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Growth in HSI Programs Underscores Value of Humans in Systems Design

Students from the first graduating cohort of the distance learning human systems integration degree program are pictured prior to commencement ceremonies in late September. The inaugural cohort included civilians from the Departments of the Navy and Marine Corps, a Navy officer, and a contractor working with the Department of Defense.

When the Naval Postgraduate School graduated its first cohort of students in the distance learning Master of Human Systems Integration (HSI) degree program this past quarter, it was not the first time an HSI graduate had crossed the stage in King Auditorium. Resident degree programs, and graduate certificates, in HSI have been on campus for a number of years, and underscore the critical importance of the human in man-machine interaction.

"You've heard of the expression 'The human in the loop?'" posed Dr. Nita Miller Shattuck, an expert in optimal performance and system design. "The Department of Defense and other federal agencies are increasingly recognizing that the human is the loop … That people are critical components in any complex system, and that their capabilities and limitations need to be researched, documented and integrated if the system as a whole is to achieve optimal performance."

The HSI program is focused on humans as a significant priority in systems design and acquisition. Given the understanding that people are critical to system development, the degree provides students with the knowledge to optimize total system performance.

With the new distance learning (DL) program, federal government and defense personnel are capable of pursuing graduate education in a more opportune way. Offered through NPS’ Graduate School of Operational and Information Sciences, the HSI programs are overseen by retired Army Col. Dr. Larry Shattuck.

“The DL Master of Human Systems Integration program began in the fall of 2011,” said Shattuck. “It was created at the request of our resident master’s in HSI curriculum sponsor.”

This first cohort was comprised of students from multiple military branches … a Navy officer, four Department of the Navy civilians and two Marine Corps civilians. In addition, Deborah Swain, this cohort’s distinguished graduate, is a contractor with DOD.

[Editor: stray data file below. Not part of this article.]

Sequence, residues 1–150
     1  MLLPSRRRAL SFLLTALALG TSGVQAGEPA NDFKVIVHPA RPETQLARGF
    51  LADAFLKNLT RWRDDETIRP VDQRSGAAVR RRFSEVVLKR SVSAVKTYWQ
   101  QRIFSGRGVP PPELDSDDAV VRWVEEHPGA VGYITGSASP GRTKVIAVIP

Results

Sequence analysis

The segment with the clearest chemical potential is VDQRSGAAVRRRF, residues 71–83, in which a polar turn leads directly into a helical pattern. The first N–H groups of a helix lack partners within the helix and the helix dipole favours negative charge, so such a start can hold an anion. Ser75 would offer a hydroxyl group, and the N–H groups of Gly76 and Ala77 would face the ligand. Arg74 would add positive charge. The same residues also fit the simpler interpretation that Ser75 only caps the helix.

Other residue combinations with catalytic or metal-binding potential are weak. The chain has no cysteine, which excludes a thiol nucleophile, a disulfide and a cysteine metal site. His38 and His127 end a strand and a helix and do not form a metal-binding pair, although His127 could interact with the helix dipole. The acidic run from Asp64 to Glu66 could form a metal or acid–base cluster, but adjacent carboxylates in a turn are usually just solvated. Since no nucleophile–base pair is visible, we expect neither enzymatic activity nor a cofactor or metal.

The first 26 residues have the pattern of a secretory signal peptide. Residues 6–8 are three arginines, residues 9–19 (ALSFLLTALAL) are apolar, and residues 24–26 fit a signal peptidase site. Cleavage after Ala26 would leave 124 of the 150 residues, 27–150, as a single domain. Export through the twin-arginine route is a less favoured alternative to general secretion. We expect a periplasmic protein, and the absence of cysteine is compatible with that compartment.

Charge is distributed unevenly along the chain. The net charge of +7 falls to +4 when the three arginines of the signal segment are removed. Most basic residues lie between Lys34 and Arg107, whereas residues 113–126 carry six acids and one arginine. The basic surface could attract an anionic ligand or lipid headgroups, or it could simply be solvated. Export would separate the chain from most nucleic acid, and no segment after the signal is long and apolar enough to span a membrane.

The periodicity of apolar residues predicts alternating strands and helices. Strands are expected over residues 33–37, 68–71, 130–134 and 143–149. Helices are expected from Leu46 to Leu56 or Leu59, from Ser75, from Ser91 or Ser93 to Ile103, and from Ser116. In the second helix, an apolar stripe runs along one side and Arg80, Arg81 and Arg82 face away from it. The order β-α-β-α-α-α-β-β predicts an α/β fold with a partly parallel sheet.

“We merge all the domains of human engineering to ensure that we’re designing for the human from every facet of the design, rather than trying to implement the human to hardware’s design,” she said. “In acquisition programs it ensures that you include the person up front.”

The program consists of several courses in systems engineering, acquisition, survivability and much more taken over the span of two years, and is limited to 30 students per year.

“The program helped us understand the government side of HSI,” Swain emphasized. “When you’re receiving information from a program, you understand where it’s coming from and how much power you have to actually respond to the government when it comes to making changes to a contract. Communication opens up from the contracting side up through DOD and the military.”

Mike Ferguson, a Department of the Navy civilian working out of the Washington Navy Yard, also graduated with this initial cohort.

“In my particular field of submarines, it’s a system of systems … So, we’re looking at dual systems themselves and how they interface with other systems,” said Ferguson. “We’re also looking at redundancy, so in some sense, you would think that human systems integration is simply a section of system engineering.”

The cohort, though not physically in the same classroom like typical students, still interacted as though there wasn’t any distance between them.

“It was a lot like having a gym buddy,” said Swain. “We motivated each other to get the work done and we helped support each other along the way. It was nice to get to meet with everyone in person at graduation because you already feel like you know each other so well.”

Ferguson appreciated the distance learning option that the HSI program offered, especially with his core responsibilities as a DON civilian.

“If you travel, it allows you to get work done as long as the connectivity worked,” he said. “I’ve worked on coursework out of Japan, a few times out of Hawaii, and that made things a lot easier when it came to my job,” he said.

“It gave me an opportunity I wouldn’t have had otherwise,” added Kathy Ferguson, a DON civilian also at the Washington Navy Yard. “There was no way I would have been able to come out here and get a degree. I’m very thankful for the distance learning opportunity.”


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